Tandem silicon-perovskite solar cells could provide solar power on the cheap
By combining silicon solar cells with their cheap and efficient perovskite-based counterparts, researchers at Stanford and MIT are creating a new type of "tandem cell" that could reach efficiencies up to 35 percent.
Out of all the solar cell technologies discovered so far, perovskite certainly takes the cake as the fastest-growing and one of the most promising for the future. In just a few years of development, perovskite-based cells have gone from efficiencies in the low single digits to a respectable 20 percent. The more traditional silicon based single-junction cells are still in the lead on the efficiency front, but progress has slowed to a crawl as their output approaches the theoretical maximum.
On the other hand, the quick pace at which perovskite cells are improving, together with cheap production costs and the fact they can even be sprayed onto windows and roofs, makes them a very interesting proposition.
Researchers Tonio Buonassisi, Jonathan Mailoa and team have now found a way to blend silicon and perovskite cells into a single "tandem cell" that could prove both cheaper and more efficient than current technology. The new device improves on the scientists’ previous work in which the two cells were simply stacked on top of each other and needed separate control circuits to function, which made them harder to build and operate.
In their new device the top sub-cell, made of the semitransparent perovskite, absorbs the higher-energy photons in the near-UV spectrum. The photons that aren’t transduced into electricity here travel toward the bottom of the cell through a silicon "tunnel junction" and to the bottom silicon cell, which absorbs some of the remaining light (mostly the lower-energy, near-infrared photons).
The new cell achieved a power conversion efficiency of 13.7 percent. This is poor compared to a standard perovskite or silicon cell, but it is mostly due to the fact that neither sub-cell was optimized for performance. Moreover, the amount of current produced in this design is limited by the capacity of the least efficient layer. The effects of this can be mitigated by matching the outputs of the two sub-cells as closely as possible. By doing so, the researchers believe the cell could achieve a 30 or even 35 percent efficiency.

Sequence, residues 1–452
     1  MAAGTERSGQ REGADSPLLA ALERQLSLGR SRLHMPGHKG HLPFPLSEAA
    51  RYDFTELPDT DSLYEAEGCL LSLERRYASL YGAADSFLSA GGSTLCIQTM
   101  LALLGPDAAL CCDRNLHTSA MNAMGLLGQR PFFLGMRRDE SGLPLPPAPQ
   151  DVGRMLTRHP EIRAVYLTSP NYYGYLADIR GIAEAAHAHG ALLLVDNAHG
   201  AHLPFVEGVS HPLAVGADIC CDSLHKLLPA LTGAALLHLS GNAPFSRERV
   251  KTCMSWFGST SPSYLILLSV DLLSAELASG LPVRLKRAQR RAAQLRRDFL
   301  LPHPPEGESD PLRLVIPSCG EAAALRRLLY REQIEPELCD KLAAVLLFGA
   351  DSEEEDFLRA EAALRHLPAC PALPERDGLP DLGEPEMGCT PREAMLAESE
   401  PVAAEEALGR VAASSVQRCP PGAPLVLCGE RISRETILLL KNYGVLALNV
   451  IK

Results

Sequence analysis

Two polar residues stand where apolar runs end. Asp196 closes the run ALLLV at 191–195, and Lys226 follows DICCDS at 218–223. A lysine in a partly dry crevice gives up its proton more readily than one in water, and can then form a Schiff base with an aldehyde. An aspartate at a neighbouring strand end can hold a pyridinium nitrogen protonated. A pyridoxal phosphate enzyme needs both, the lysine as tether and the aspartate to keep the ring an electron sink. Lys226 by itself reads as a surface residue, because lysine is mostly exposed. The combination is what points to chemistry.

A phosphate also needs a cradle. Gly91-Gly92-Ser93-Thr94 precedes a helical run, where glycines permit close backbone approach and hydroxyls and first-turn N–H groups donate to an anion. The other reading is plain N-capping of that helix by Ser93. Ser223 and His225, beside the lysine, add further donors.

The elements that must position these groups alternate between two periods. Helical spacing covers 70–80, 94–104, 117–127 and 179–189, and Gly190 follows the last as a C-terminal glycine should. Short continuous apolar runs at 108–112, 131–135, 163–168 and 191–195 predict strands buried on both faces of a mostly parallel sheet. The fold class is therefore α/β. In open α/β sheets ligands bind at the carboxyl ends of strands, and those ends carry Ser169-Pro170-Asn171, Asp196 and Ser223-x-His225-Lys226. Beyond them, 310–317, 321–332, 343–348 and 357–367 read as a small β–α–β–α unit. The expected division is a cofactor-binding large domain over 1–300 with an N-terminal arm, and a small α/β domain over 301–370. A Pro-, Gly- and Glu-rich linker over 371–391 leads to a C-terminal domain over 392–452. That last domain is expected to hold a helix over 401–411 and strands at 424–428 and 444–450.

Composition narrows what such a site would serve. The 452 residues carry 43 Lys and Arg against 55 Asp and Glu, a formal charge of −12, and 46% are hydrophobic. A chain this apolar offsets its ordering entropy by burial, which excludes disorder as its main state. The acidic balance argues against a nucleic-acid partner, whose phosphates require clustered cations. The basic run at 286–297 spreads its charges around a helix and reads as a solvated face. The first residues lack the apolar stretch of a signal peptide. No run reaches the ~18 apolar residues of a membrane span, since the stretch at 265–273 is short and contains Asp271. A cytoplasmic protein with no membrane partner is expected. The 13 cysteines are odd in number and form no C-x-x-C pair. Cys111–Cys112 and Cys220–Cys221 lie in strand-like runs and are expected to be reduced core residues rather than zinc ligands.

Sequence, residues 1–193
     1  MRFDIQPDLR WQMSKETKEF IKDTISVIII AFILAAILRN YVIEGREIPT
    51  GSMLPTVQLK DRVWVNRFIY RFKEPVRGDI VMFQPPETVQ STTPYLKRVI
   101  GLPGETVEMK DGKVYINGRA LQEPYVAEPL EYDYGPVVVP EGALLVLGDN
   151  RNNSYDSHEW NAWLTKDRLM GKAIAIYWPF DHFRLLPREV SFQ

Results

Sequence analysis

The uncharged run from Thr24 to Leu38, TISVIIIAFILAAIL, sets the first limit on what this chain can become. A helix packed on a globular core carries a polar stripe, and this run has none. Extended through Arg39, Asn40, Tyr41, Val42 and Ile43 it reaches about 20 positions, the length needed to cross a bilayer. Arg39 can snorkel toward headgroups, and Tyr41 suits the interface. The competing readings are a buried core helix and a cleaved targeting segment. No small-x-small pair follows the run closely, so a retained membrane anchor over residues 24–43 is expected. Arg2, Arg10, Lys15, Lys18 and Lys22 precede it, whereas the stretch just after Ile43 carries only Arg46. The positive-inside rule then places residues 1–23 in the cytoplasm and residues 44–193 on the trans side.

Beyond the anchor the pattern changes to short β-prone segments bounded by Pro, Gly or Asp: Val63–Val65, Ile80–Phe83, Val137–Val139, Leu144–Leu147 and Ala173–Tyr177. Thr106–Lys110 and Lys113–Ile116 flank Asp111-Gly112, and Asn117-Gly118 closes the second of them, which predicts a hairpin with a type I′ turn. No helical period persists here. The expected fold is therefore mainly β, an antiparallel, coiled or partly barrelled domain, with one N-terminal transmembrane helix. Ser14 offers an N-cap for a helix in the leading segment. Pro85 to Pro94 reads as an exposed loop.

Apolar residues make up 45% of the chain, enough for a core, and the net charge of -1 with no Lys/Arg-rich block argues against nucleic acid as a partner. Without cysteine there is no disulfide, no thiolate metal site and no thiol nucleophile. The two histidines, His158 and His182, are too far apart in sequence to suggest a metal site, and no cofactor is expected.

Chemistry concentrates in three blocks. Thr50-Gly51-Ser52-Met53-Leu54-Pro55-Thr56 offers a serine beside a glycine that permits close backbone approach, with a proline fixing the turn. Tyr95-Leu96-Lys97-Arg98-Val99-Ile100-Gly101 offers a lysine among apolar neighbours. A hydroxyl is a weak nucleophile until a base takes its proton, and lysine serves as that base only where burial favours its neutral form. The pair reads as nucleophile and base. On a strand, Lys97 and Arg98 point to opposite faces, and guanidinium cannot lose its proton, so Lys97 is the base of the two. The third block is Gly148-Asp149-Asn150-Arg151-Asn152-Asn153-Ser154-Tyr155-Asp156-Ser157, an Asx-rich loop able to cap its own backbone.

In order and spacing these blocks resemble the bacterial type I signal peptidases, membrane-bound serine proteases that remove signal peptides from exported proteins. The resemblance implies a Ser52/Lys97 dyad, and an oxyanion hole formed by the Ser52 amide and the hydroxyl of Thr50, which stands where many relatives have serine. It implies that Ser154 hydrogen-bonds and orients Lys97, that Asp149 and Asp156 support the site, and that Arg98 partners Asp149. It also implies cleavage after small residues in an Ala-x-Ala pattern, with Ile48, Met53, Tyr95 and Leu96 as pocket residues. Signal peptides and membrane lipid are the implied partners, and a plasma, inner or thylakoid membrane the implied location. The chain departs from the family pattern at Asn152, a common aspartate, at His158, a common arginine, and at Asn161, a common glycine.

The idea of using separate layers to absorb different parts of the spectrum isn’t new, it’s the principle on which multijunction solar cells are based, but one important advantage to this new design would be cost. While multi-junction solar cells can reach efficiencies of over 40 percent, they often use rare, expensive materials that simply can’t scale. Manufacturing a tandem silicon-perovskite cell, however, should be relatively straightforward because the materials are cheap to source and the process would be similar to building standard silicon cells.
The researchers are now working on optimizing the cell’s power output by improving the quality of the perovskite sub-cell (currently the main bottleneck) and experimenting on how to make the perovskite composite, a combination of an inorganic material with a water-soluble organic material, more durable in the open air without sacrificing performance.
The advance is described in the journal Applied Physics Letters.
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